Everyone loves cooling down in warm weather with an ice-cream, whether it is a creamy chocolate concoction, a refreshing fruity blast or something served in a cone. So what were the kinds of ice cream in Japan that really made the summer this year?
Hands down, this is one of my favourite Japanese ice cream discoveries. At first glance, it looks like an average cone-shaped ice-cream had a nasty accident and become completely flattened… but don’t worry, it’s supposed to look like that! The flattened ice-cream cone is sealed on top with a cap of white chocolate, peppered with crunchy bits of loveliness. Under that, the ice-cream is golden honey colour, giving way to the cheesecake flavoured ice-cream beneath. Yum. Cheese-cake…. honey… what’s not to like? Available sporadically in convenience stores but more commonly at supermarkets.
Good old 7-Eleven has done us proud in the ice-cream department. At 220 calories, this little pot of blueberry yogurt ice-cream is more calorific than you would expect for the size of the pot… but totally worth it. One of the creamiest, smoothest ice-creams I’ve tried in Japan, and if blueberry isn’t your thing then fear not – there is a plain version too.
Any bargain hunter who shops at Aeon (Daiei) will be well aware of their ‘TopValu’ own brand products – good quality and very reasonable prices. The TopValu ice-cream pots are no different – good value for money and utterly delicious. My personal favourites are the cheesecake flavour and the yuzu flavour. The yuzu one (a type of Japanese fruit which is like a cross between a lemon and a grapefruit) is more of a sorbet than an ice-cream, and at only 59 calories per pot, it’s a perfectly innocent dessert. Other flavours include vanilla, peach and chocolate cake (which has little crumbs of actual cake in it…amazing.)
This ice-cream was such a fantastic surprise. From the packaging, I guessed I was buying a little individual box of chocolate mochi ice-cream, but how wrong I was! These 7-Eleven products are balls of rich chocolate ice-cream that has been coated in an even richer, creamier chocolate ganache, that is perfectly smooth and soft as it slides off the ice-cream. After discovering what these actually were, I quickly found an excuse to go back to the convenience store to buy another packet. Truly luxurious – you can see why they are part of 7-Elevens Premium Gold product series.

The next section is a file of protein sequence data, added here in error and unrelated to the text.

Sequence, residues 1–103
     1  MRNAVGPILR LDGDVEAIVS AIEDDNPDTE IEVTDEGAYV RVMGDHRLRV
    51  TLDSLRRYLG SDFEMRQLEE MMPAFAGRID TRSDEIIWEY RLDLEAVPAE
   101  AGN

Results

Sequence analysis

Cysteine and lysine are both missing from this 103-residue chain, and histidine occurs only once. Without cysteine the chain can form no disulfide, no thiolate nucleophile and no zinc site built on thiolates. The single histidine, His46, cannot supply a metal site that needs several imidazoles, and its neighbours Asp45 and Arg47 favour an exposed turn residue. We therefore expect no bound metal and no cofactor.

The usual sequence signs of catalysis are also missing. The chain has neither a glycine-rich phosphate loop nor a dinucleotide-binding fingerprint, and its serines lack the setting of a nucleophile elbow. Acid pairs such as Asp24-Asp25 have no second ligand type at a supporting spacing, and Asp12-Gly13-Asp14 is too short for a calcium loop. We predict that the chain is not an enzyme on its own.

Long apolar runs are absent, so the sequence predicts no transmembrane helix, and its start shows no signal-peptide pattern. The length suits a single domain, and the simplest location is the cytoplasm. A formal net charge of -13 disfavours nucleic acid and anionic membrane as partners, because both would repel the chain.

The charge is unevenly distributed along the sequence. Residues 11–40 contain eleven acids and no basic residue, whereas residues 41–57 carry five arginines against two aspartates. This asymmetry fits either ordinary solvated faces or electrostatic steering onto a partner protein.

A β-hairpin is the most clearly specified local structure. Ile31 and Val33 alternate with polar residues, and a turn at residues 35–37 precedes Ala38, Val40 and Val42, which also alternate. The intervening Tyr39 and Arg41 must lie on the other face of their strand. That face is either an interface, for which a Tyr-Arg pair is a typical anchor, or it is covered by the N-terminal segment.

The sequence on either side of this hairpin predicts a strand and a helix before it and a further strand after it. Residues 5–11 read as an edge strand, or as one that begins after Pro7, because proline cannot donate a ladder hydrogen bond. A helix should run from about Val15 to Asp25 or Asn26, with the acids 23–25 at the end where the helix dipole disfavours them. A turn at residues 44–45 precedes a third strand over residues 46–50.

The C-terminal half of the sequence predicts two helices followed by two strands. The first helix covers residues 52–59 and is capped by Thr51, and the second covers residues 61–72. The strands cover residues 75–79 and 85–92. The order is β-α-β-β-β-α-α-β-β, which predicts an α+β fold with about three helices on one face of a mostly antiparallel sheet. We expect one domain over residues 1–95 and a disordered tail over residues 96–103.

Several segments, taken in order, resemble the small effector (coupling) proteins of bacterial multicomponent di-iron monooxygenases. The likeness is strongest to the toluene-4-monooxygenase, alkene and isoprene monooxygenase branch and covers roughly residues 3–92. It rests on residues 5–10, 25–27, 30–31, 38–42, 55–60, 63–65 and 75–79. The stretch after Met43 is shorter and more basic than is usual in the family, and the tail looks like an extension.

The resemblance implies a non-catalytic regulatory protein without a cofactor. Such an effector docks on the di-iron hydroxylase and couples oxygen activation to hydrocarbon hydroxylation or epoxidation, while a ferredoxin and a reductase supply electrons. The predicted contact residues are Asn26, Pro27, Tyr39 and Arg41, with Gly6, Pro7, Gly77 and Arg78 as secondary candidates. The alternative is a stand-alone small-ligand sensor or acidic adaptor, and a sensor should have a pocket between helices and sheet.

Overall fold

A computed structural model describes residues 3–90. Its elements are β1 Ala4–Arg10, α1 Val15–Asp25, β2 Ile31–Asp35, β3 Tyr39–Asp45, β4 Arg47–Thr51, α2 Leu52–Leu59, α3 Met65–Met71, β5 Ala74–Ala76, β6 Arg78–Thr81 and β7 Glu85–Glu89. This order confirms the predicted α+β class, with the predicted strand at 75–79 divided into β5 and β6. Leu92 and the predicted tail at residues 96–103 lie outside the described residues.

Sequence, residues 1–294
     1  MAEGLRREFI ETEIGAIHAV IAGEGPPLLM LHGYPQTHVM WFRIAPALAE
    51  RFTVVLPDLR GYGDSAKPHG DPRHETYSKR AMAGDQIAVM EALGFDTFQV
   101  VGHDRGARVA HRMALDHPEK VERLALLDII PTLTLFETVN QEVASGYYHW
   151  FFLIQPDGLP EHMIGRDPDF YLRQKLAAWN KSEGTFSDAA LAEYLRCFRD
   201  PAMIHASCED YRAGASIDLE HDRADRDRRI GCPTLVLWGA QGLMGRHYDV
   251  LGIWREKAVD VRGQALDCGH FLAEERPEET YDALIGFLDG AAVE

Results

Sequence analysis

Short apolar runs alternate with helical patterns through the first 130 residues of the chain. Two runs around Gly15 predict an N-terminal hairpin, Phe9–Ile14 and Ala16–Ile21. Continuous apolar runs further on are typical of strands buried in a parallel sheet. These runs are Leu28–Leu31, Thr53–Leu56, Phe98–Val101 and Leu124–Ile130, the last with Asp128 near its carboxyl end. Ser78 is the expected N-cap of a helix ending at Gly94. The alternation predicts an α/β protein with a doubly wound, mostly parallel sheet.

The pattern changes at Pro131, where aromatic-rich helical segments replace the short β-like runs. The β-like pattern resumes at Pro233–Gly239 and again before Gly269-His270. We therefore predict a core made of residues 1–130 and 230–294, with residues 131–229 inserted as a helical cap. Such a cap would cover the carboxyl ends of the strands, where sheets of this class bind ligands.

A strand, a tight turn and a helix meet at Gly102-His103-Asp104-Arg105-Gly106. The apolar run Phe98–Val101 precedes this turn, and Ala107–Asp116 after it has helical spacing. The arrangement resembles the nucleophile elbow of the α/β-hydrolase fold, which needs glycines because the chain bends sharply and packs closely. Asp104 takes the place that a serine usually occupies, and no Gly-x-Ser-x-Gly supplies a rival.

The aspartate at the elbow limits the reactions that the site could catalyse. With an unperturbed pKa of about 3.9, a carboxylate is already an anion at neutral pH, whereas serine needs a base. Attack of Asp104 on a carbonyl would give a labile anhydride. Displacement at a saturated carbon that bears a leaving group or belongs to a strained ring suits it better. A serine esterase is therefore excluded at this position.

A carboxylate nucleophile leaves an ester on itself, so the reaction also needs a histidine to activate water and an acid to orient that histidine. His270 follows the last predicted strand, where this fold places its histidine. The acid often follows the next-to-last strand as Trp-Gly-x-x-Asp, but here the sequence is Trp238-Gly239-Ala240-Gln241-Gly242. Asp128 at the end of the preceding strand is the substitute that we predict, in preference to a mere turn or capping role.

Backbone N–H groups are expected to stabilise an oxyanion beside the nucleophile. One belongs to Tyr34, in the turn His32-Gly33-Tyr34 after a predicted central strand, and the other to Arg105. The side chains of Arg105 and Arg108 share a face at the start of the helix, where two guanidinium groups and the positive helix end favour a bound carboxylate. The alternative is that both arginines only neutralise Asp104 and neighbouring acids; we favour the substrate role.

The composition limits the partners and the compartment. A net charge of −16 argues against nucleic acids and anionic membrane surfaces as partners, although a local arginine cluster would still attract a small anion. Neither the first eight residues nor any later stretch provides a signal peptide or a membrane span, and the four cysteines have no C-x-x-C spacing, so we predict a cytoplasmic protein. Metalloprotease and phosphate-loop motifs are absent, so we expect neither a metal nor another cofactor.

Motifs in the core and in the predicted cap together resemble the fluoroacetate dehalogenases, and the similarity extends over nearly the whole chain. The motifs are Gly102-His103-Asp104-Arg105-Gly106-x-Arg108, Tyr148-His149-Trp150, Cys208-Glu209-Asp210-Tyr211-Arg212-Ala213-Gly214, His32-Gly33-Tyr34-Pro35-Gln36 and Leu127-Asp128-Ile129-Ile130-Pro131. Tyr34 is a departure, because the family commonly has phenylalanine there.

No particular brand for this recommendation (though of course Lotte springs to mind) but just in general, mochi ice-creams are the bee’s knees. The individual packets I tend to buy have been almost totally out of stock in convenience stores over the summer (they must be more popular in winter…) but there are plenty of independent shops dedicated to selling mochi products. Bold flavours are recommended over subtle ones, but whatever the flavour, you can’t go wrong with a mochi ice-cream. Besides; they’re so small that you could easily gobble up two or three in a row without feeling too guilty…
Have you tried Crunky chocolate products? Well, there is also a crunky ice-cream for you to sample. Sadly, much like the chocolate version the ice-cream was a little disappointing. Most foreigners who pick up a Crunky ice-cream probably do so because of its amusing name… but the name is pretty much the best part of it – the ice-cream was just a little… uninspiring.
You know that feeling when you’re walking along and you think to yourself “Gosh, I could really use an ice-cream…” Well, if you’re in luck, you’ll bump into a Seventeen Ice vending machine and be able to satisfy your ice-cream needs. As the name suggests, the vending machines usually stock 17 different types of ice-creams – plenty to choose from! Top flavours include raspberry cheesecake, cookies and chocolate, maple cheesecake, chocolate pudding, purple yam and brown sugar, and chocolate nuts. The size of the ice-creams is a little smaller than shop-bought ones, but at only about 130 Yen each they are certainly worth the money.
You can’t get far in Japan without coming across a matcha (green tea) product. Green tea flavoured ice-cream is popular with both Japanese and foreign ice-cream lovers – even people who don’t like matcha will often gobble down a green tea ice-cream. Even if you’re not into green tea products, I recommend you give it a try – there is something about the green tea flavour that really lends itself to the cold, dessert form. If you want the full Japanese experience, you couldn’t really get much more Japanese than a green tea ice-cream flavoured mochi!
This is super-popular in Japan during the summer, particularly during festivals and celebrations where kakigori stalls spring up all over the place. Basically, it’s just a cup full of thinly grated ice that is drenched in flavoured syrup, and often with a topping of condensed milk drizzled on top (which I was dubious about, but actually quite liked on sampling it.) Popular flavours include strawberry, lemon, blue Hawaii, melon, grape and green tea. Watch out for making a mess as the flavour syrup stains really easily – your tongue will be the colour of whichever flavour you choose for the rest of the day. Fun to try but, in my opinion, pretty overrated. I mean… it’s just ice.
Summer may be over, but many of these delicious ice-creams are available all year round. Given that most of Japan usually enjoys warm temperatures until mid-Autumn, there is plenty of time and plenty of excuses left to try some more of these sweet treats.